In a polygynous society, the barren woman was often compelled to share her husband with a more fertile rival (though often less beloved) wife. In some cases, this was at the initiative of the barren woman herself, who would use her handmaid to bear children for her in a kind of proto-surrogacy: Sarai uses Hagar (Genesis 16), Rachel uses Bilhah (30:3-8), and Leah uses Zilpah (30:10-13). Other strategies include the use of herbal concoctions, as in Rachel’s use of mandrakes (31:14-16), or of intercessory prayer: Isaac prays for Rebekah (25:21); Abraham prays for the women in Abimelech’s household (20:17-18); and Hannah prays for herself and utters a vow that, if she were to give birth to a son, she would dedicate him as a Nazirite to the service of God (1 Samuel 1:11). In the story of the wife of Manoah, the angel designates the promised son, Samson, as a Nazirite from the womb (Judges 13:4-5).
In many of the narratives, the barren woman is promised the much-desired son by an angel of God or an emissary in an “Annunciation Scene” that heralds the birth of the beloved son. While Sarah is sequestered in her tent, three men/angels appear to Abraham to announce the birth of a son to them in their old age (Genesis 18:10, 14). Similarly, Rebekah is privy to an oracle about the destiny of her twins, Jacob and Esau, who become the progenitors for the nations Israel and Edom (25:21-23); God hears Rachel and remembers her (30:22); the wife of Manoah is promised a child who will save the Israelites from the Philistines (Judges 13:3-5); Eli, the priest, promises Hannah that she will be granted what she asked for (1 Samuel 1:17); and the Shunammite is promised a child, though she never asked for one (2 Kings. 4:13, 16). The resolution to the woman’s barrenness is often marked by the phrase: “And God remembered/took note of [pqd/zkhr] Sarah” (or Rachel or Hannah) (Genesis 21:1, 30:22, 1 Sam. 2:21). Sometimes the power of closing and opening the womb is attributed to the divine, even for the fertile woman (Genesis 30:17). In the psalms of praise, God is the source of fertility and conception (Psalms 113:9, 1 Samuel 2:5).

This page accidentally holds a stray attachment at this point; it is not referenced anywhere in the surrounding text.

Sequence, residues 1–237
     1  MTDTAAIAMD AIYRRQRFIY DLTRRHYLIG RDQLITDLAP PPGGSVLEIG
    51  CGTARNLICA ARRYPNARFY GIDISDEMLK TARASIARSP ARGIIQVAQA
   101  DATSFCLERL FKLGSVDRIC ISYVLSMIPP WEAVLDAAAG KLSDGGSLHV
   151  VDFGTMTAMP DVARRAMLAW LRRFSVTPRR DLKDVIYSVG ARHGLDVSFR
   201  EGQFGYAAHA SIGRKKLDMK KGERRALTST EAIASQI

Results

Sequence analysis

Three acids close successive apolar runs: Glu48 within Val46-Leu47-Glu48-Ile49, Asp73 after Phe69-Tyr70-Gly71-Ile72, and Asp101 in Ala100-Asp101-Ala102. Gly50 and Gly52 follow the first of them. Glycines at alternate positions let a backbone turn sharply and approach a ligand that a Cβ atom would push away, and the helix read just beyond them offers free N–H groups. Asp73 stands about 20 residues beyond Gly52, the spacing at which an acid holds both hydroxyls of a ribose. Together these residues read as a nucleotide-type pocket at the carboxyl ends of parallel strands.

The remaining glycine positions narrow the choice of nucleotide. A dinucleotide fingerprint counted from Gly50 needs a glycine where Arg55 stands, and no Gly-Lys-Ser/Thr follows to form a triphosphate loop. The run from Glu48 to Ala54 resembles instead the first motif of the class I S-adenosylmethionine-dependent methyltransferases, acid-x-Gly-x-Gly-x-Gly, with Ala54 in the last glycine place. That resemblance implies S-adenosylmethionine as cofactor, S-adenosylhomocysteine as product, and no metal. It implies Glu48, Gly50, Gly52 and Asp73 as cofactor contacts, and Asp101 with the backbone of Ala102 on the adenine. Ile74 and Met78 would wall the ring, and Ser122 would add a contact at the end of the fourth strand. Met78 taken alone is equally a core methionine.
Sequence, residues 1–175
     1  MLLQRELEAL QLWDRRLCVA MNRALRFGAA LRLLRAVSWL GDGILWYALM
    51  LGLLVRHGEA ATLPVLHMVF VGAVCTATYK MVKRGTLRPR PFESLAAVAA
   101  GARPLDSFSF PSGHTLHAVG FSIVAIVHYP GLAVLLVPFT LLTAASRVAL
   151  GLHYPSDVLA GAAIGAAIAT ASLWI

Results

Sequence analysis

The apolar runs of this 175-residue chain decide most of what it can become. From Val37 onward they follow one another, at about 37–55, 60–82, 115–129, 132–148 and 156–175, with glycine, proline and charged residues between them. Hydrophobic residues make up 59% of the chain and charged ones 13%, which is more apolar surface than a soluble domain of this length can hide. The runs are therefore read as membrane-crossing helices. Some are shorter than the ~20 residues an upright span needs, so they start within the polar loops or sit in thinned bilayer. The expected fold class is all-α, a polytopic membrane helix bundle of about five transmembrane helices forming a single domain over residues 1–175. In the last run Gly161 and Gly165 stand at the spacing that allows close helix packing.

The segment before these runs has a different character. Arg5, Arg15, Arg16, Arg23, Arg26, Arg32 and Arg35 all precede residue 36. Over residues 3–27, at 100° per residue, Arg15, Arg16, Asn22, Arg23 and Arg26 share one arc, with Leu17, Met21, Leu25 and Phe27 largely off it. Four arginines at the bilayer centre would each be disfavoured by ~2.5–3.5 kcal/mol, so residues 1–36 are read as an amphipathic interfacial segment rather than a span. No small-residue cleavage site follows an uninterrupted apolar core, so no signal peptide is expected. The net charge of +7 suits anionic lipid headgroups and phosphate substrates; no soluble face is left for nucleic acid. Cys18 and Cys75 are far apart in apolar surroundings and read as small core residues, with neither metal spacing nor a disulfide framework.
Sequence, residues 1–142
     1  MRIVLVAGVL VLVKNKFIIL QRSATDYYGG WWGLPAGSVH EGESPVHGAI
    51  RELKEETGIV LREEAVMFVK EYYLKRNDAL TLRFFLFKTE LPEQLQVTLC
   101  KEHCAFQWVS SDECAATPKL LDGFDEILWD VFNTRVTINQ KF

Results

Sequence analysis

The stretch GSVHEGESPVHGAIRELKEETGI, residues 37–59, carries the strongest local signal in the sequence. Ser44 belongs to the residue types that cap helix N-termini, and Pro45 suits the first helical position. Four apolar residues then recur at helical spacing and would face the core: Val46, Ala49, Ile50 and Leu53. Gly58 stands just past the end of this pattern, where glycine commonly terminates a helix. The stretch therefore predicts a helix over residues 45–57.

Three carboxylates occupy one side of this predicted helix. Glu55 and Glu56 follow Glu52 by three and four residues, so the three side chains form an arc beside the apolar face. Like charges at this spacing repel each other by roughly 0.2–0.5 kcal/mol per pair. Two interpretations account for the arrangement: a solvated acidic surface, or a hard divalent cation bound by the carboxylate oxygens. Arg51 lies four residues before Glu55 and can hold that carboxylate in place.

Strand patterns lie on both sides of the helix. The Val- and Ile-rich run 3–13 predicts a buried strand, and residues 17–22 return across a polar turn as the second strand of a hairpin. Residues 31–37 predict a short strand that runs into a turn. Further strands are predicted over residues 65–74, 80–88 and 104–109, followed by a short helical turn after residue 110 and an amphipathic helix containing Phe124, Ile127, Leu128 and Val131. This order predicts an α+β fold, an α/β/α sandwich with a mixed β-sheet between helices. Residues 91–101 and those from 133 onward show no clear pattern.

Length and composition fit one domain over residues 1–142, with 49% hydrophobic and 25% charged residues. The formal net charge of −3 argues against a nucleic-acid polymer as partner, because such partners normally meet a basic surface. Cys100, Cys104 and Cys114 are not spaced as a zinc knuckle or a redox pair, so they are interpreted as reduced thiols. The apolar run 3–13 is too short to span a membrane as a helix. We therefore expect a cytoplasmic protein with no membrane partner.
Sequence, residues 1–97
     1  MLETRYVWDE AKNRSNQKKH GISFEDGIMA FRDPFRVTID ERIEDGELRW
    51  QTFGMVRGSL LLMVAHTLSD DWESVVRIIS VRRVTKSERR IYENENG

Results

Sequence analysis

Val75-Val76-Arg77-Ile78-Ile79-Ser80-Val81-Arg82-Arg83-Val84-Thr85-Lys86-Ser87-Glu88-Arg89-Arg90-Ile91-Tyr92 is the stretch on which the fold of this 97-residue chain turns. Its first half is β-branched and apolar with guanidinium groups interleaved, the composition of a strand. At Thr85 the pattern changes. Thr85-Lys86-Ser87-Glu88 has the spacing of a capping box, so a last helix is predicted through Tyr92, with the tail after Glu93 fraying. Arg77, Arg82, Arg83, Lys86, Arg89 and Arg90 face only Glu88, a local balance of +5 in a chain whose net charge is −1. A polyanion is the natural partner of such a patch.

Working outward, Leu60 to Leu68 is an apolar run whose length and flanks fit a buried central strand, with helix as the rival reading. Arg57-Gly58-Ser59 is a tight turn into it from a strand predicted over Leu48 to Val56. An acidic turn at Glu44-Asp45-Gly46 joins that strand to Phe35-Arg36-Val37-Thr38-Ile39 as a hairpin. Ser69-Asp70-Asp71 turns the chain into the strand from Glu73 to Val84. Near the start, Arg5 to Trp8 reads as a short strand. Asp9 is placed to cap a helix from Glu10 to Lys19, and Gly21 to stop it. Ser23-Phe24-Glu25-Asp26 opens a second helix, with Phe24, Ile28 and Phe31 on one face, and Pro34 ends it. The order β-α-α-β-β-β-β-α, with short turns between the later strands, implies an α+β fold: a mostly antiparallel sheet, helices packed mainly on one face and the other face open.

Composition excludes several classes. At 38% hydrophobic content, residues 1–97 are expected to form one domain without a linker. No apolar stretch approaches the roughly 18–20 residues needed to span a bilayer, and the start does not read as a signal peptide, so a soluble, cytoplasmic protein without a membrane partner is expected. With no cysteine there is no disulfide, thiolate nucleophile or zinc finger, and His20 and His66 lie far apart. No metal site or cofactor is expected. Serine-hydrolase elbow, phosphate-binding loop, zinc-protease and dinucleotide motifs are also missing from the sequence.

Progeny of Barren Women
The motif of barrenness highlights the unique destiny of the promised son. As Susan Ackerman has pointed out, in each of these stories the life of the life of the son is somehow threatened and/or dedicated to God. Isaac, for example, is bound on the altar (Genesis 22:10-12), while Jacob flees for his life from his murderous brother and wrestles with a divine being upon his return, before facing Esau again (27:41, 32:23-25). Joseph is nearly killed by his brothers and sold into slavery (37:18-24, 28); Samson is dedicated as a Nazirite to God, which gives him the strength (through his uncut hair) to wage a one-man battle against the Philistines, ultimately dying a martyr’s death in the Temple of Dagon (Judges 13:5, 16:17, 30); Samuel is given over, as a young boy, to divine service in the sanctuary at Shiloh (1 Samuel 1:27-28); and the Shunammite’s son actually dies but is brought back to life by Elisha (2 Kings 4:32-35). These narratives suggest that God, who opens the womb, has the right to demand the life that emerges from it.
Ackerman, Susan. “Child Sacrifice: Retuning God’s Gift.” Bible Review 9:3 (June 1993): 20-29, 56.
Alter, Robert. “How Convention Helps Us Read: The Case of Bible’s Annunciation Type Scenes.” Prooftexts, 3 (1983): 115–130.
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Callaway, Mary. “Sing, O Barren One”: A Study in Comparative Midrash. Atlanta: Scholars Press, 1986.
Fuchs, Esther. “The Literary Characterization of Mothers and Sexual Politics in the Hebrew Bible.” Semeia 46 (1989): 151-166.
Levenson, Jon. The Death and Resurrection of the Beloved Son. New Haven and London: Yale University Press, 1993.
Meyers, Carol. Rediscovering Eve: Ancient Israelite Women in Context. New York: Oxford University Press, 2013.
Moss, Candida R. and Joel S. Baden. Reconceiving Infertility—Biblical Perspectives on Procreation & Childlessness. Princeton and Oxford: Princeton University Press, 2015.
Steinberg, Naomi. “The Genealogical Framework of the Family Stories in Genesis.” Semeia 46 (1989): 41-50.